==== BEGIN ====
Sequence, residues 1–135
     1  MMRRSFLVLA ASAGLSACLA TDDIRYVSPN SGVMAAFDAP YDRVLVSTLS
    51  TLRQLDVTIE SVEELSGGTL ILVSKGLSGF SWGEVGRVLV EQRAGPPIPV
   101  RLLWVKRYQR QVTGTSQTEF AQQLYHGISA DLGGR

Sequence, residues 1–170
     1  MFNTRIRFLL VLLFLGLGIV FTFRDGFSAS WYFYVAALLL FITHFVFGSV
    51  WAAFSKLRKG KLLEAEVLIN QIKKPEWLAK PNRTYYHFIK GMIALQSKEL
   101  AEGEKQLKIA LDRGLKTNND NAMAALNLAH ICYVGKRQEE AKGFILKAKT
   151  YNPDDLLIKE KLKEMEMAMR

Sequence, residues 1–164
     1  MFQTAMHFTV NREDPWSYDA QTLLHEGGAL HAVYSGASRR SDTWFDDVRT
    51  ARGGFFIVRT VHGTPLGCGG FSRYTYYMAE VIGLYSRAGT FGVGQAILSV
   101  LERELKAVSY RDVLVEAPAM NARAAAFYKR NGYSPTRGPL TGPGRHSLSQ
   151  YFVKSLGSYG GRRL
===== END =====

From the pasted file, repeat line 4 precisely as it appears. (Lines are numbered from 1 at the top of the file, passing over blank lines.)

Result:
   101  RLLWVKRYQR QVTGTSQTEF AQQLYHGISA DLGGR